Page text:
, 102, p. 194, 219; 236; 3; 78, aVF, 29.203 g, maximum 36.6 mm, 180o, Rome mint, issued by , 42 A.D.; M F GERMANICI CAESARIS, draped right; TI CLAVDIVS AVG IMP P P, around large S C; a little grainy; SOLD
, 102, p. 194, 219; 236; 3; 78, VF, 27.92 g, maximum 34.8 mm, 180o, Rome mint, 42 A.D.; M F GERMANICI CAESARIS, draped right; TI CLAVDIVS AVG IMP P P, around large S C; green ; SOLD
Most references identify the portrait as Livia, but as David notes, "the of represents (but seemingly does not portray) and/or . It no doubt reflects the justice they received from the trial of for the murder of .." He explains that the portrait does not appear to be of either of them, perhaps because it was intended to represent them both simultaneously.
Since knew, but had no evidence, that murdered on orders from , she was not satisfied with this "justice" and continued to be an outspoken critic of and his prefect, . had her accused of adultery. She was flogged so severely that she lost an eye, and was banished to the island of Pandateria where she starved to death four years later. Her sons and also died imprisoned. When her son became emperor, the first act of his reign was to return the ashes of his mother and brothers to Rome.RB58415.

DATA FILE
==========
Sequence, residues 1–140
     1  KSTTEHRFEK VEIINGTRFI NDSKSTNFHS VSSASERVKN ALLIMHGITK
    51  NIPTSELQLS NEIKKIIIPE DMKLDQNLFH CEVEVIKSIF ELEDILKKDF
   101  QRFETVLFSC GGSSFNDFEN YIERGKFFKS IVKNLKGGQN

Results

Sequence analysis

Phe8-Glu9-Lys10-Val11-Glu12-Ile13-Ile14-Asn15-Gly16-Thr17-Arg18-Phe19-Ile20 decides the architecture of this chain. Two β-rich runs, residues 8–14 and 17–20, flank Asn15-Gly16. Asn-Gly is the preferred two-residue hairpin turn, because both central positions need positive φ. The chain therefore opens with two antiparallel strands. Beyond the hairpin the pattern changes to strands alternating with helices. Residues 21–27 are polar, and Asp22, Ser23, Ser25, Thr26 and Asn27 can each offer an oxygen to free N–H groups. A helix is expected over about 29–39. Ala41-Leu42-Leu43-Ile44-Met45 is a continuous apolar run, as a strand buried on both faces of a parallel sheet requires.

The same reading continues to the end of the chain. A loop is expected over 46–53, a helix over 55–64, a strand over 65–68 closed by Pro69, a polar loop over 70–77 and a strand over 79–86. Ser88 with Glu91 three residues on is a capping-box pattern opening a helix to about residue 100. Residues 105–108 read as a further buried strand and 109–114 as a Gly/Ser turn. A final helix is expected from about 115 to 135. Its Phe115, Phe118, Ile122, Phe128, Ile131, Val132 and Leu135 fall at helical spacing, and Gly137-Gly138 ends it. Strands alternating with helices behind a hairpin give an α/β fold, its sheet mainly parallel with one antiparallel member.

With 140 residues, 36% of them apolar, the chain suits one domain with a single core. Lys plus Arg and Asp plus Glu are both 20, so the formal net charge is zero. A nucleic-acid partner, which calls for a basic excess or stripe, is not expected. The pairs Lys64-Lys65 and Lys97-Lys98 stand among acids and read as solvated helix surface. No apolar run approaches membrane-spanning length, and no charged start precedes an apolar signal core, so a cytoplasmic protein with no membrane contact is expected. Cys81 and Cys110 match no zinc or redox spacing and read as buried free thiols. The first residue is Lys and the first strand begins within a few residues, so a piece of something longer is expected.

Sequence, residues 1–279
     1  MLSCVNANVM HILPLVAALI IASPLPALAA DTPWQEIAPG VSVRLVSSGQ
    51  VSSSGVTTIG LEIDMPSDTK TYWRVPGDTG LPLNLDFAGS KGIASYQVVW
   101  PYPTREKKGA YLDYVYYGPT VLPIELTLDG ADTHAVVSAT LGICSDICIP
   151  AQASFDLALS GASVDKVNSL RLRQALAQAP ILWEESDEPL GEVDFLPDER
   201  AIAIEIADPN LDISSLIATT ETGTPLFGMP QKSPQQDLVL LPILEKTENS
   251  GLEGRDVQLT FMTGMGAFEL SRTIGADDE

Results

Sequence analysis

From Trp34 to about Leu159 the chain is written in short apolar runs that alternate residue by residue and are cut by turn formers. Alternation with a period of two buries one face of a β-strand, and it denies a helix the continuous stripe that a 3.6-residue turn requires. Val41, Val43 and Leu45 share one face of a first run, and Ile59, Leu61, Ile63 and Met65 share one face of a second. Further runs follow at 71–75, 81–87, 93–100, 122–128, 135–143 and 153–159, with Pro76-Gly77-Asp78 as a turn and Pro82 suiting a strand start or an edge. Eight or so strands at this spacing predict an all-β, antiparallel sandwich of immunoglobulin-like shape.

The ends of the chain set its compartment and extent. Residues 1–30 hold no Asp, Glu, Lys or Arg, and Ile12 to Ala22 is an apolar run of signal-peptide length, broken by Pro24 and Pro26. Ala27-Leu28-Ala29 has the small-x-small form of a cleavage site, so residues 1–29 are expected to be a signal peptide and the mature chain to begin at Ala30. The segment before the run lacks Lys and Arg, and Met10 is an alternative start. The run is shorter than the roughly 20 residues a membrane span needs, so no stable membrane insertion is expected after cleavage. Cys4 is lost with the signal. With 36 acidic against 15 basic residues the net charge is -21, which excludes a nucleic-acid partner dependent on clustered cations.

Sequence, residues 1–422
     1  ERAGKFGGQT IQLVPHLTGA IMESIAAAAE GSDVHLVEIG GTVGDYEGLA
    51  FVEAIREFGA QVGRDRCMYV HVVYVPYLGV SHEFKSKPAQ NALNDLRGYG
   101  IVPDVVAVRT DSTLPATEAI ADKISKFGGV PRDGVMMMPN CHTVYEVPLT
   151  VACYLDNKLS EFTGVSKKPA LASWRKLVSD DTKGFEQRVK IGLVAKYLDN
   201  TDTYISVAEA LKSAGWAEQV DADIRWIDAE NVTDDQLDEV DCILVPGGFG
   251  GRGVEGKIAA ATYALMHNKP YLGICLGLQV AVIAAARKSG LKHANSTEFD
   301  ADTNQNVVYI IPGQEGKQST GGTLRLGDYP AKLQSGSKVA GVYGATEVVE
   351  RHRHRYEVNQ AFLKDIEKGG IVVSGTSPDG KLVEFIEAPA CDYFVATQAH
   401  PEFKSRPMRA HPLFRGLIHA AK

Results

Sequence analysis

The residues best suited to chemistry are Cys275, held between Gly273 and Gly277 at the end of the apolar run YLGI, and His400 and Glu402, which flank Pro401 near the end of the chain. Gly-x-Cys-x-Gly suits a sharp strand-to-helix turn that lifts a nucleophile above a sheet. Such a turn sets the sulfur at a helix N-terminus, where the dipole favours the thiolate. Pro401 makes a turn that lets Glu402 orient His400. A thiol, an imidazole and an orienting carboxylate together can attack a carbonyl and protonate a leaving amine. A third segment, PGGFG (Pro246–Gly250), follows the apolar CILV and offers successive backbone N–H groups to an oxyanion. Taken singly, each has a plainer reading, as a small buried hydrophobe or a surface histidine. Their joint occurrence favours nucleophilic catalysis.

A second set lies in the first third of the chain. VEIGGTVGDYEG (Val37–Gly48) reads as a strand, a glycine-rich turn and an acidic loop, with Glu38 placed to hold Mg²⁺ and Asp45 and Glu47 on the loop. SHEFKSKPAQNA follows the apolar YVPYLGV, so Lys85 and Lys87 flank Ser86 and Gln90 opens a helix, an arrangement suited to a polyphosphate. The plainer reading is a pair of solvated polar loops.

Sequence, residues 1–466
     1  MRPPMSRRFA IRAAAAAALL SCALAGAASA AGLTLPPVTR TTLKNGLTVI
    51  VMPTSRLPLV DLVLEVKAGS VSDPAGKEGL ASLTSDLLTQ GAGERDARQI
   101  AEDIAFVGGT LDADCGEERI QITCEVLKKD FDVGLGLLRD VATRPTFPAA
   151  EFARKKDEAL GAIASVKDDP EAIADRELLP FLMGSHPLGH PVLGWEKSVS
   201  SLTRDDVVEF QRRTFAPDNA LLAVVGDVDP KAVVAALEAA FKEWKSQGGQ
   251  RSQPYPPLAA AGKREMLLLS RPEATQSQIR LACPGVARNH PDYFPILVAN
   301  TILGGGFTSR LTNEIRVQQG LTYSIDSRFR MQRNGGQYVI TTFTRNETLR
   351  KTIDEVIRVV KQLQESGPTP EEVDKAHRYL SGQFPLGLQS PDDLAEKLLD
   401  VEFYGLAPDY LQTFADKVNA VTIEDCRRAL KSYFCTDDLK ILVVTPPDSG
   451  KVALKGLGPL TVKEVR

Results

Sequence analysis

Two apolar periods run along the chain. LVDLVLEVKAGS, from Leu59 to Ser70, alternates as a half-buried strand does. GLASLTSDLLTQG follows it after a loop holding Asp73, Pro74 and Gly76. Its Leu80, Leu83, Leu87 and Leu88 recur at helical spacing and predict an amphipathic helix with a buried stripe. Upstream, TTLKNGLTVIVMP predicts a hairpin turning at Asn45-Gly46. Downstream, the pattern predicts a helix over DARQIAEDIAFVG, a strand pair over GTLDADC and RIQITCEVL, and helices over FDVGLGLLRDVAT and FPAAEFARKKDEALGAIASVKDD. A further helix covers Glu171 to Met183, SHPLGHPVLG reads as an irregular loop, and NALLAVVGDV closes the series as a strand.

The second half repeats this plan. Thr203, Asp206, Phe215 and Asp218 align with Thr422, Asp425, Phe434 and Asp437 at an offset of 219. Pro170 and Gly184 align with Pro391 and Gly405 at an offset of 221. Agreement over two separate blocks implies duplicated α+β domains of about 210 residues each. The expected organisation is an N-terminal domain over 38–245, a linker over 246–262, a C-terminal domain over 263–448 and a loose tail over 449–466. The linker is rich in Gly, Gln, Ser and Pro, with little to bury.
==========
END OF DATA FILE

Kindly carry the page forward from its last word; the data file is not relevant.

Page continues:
, 498, Livia 46, Livia 4, VF, 13.937 g, maximum 29.0 mm, 180o, Rome mint, 22 - 23 A.D.; , diademed and draped of right; XXIII, large S C; SOLD
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